When this book arrived at the house, Rick was happy to do a review of it. It's something he likes to read, deep and makes you think a lot.
About the book:
Against the Flow (Monarch, March 2015) A wide-ranging discussion of the place of Christianity in the public square.
Daniel's story is one of extraordinary faith in God lived out at the pinnacle of executive power. It tells of four young men, born in the tiny state of Judah around 500 b.c., and captured by Nebuchadnezzar, emperor of Babylon.
Daniel describes how they eventually rose to senior positions of administration. Daniel and his friends did not simply maintain their private devotion to God; they maintained a high-profile witness in a pluralistic society antagonistic to their faith. Their story carries a powerful message for us today. Society tolerates the practice of Christianity in private and in church services, but increasingly it deprecates public witness. If Daniel and his compatriots were with us today they would be in the vanguard of public debate.
This is a lucid and erudite examination of the life of Daniel from a leading expert on faith and science. In his first biblical work, Dr. Lennox provides a unique perspective on both Western society and biblical exegesis that will make Against the Flow an instant classic encouraging Christians to speak out in our modern Babylon.
Purchase a copy: http://amzn.to/1IoYQlO
About the author:
John C. Lennox is Professor of Mathematics at the University of Oxford and Fellow in Mathematics and Philosophy of Science at Green Templeton College. He lectures on Faith and Science for the Oxford Centre for Christian Apologetics. He is author of a number of books on the relations of science, religion and ethics. He and his wife, Sally, live near Oxford.
Here are Rick's thought's on the book.
John Lennox's Against the Flow is a difficult book to categorize. Its subtitle is “the inspiration of Daniel in an age of relativism” and is promoted as using the example of Daniel and his friends as a counterpoint to our secular pluralistic society. That's included, but is by no means the main thrust of the book, which is more like a commentary. The historical background of Daniel is presented well and in great detail. A solid case for a traditional dating of Daniel is given, along with a strong denunciation of the anti-supernaturalist bias which leads to assigning a late date given to the text by many. But once the subject of atheism or materialism comes up, the connection with Daniel becomes tenuous. Often the text used as a launching point for discussions of topics Lennox often addresses.
His critiques of modern atheism and related subjects are, as usual, sharp and strong.
Maybe the best way to describe the book is “Lennox, inspired by Daniel.”
While this book is not what one might expect from its title, it is still worth reading for its insight into the ruling philosophy of modern western culture and its bold defense of traditional Christian thought.
Some of Lennox's points are defended more with eloquence than with evidence. In his discussion of choice and predestination, he makes much of the the difference between the ESV and KJV renditions of Revelation 13:8, saying that “the exact wording of the verse just cited is “written from [not 'before'] the foundation of the world.” He conveniently neglects to address pertinent matters like: the King James wording also connects “from the foundation” with the Lamb slain, not the writing in the book; the reference to names in a book found in Exodus do not automatically prove it is the same book; “from the foundation” and “before the foundation” of the earth, whatever their differences, still refer to placing someone in a certain category before they have taken action or made choices [surely a significant fact in a discussion of predestination].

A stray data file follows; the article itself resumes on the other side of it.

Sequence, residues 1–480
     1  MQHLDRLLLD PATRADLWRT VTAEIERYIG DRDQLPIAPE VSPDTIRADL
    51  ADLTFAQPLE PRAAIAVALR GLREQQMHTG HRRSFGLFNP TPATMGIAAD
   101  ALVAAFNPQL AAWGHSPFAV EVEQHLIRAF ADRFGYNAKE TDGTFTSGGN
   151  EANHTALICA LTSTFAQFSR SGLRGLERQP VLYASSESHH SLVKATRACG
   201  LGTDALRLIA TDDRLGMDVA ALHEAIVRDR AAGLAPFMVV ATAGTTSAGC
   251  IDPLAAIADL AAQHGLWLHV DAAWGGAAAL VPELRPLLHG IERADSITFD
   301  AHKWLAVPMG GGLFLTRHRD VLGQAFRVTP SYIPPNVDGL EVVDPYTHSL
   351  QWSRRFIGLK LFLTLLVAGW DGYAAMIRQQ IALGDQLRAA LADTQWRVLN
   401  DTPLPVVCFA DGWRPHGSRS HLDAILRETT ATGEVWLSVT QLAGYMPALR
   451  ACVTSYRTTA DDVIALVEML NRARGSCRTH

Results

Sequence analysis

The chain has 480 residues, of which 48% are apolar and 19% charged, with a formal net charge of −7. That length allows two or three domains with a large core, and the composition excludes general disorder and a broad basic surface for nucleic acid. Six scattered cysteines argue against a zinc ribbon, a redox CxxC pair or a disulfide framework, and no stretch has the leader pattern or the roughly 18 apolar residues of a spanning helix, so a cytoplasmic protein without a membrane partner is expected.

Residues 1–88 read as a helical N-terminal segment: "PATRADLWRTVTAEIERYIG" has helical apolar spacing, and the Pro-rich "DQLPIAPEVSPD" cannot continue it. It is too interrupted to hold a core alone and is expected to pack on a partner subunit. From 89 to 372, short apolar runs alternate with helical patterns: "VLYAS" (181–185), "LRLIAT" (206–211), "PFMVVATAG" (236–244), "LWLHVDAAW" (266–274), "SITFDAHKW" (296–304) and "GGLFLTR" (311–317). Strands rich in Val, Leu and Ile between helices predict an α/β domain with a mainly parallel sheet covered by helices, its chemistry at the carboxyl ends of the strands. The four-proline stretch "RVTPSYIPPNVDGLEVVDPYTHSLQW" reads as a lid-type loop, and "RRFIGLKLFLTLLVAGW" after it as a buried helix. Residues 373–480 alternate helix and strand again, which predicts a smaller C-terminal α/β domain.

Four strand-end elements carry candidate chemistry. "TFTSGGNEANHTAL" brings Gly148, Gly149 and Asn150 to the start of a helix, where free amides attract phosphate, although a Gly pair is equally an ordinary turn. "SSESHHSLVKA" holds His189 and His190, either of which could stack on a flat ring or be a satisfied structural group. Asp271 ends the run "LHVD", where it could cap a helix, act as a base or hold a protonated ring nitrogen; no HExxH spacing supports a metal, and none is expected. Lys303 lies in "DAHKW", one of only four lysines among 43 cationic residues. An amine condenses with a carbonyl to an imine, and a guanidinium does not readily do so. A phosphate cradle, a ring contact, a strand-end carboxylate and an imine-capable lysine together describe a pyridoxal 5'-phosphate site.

Another example is the declaration that a prophecy that Alexander the Great shall “do as he wills” [Daniel 11:3] shows that “God's relationship to the historical process leaves Alexander, and others mentioned subsequently, free to act as responsible moral beings.” The weakness of this argument is found in Exodus 7 and 8, where we are told that God hardened Pharaoh's heart, and that Pharaoh hardened his own heart; one must also consider Proverbs 21:1, “the king's heart is in the hand of the Lord, as the rivers of water: he turneth it withersoever he will.” The issue is not so simply resolved.
I felt a tension between Lennox's unwavering commitment to the reliability of prophecy and his denial of inevitability of human actions. But these matters are not easily resolved; if they were, they wouldn't continue to be debated so many centuries after the Bible was written. His best contribution to the discussion is the observation that God, existing independently of the universe and unbound by time, has a perspective on history very different from our own.
The chapters dealing with prophecy are written with a balance of confidence and humility rarely seen in most current treatments of eschatology. Lennox is confident in the reality of prophecy and in drawing certain conclusions as to what historical events are fulfillments of Daniel's writings; he is humble enough to admit that some matters aren't so clear.
This book doesn't fit comfortably into a category like “commentary,” “current issues,” or “prophecy.” But it does provide food for thought on a wide range of topics from an author who respects the Bible and believes that it deserves serious thought.
Perhaps the best short comment Lennox makes about going against the flow of modern relativism is “the Bible's storyline is, in a sense, the tale of two cities – Jerusalem and Babylon. The issue is not what city we live in but what city we live for. Daniel lived in Babylon; but, in an ultimate sense, he lived for Jerusalem and all that it stood for.”
We received samples of the products for the purpose of review. All opinions expressed here are those of the author.